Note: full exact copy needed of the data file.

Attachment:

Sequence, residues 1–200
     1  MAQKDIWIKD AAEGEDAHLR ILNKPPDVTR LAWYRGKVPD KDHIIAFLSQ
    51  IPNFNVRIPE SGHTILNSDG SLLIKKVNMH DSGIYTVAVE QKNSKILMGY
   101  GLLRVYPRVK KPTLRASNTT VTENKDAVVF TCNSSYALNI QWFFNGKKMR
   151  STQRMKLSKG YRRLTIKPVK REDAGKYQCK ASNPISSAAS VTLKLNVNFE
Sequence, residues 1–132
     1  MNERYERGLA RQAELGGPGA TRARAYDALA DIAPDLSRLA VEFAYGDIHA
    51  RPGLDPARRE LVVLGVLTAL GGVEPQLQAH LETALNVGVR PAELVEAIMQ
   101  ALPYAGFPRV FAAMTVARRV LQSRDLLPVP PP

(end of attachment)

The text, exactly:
Sequence, residues 1–200
     1  MAQKDIWIKD AAEGEDAHLR ILNKPPDVTR LAWYRGKVPD KDHIIAFLSQ
    51  IPNFNVRIPE SGHTILNSDG SLLIKKVNMH DSGIYTVAVE QKNSKILMGY
   101  GLLRVYPRVK KPTLRASNTT VTENKDAVVF TCNSSYALNI QWFFNGKKMR
   151  STQRMKLSKG YRRLTIKPVK REDAGKYQCK ASNPISSAAS VTLKLNVNFE
Sequence, residues 1–132
     1  MNERYERGLA RQAELGGPGA TRARAYDALA DIAPDLSRLA VEFAYGDIHA
    51  RPGLDPARRE LVVLGVLTAL GGVEPQLQAH LETALNVGVR PAELVEAIMQ
   101  ALPYAGFPRV FAAMTVARRV LQSRDLLPVP PP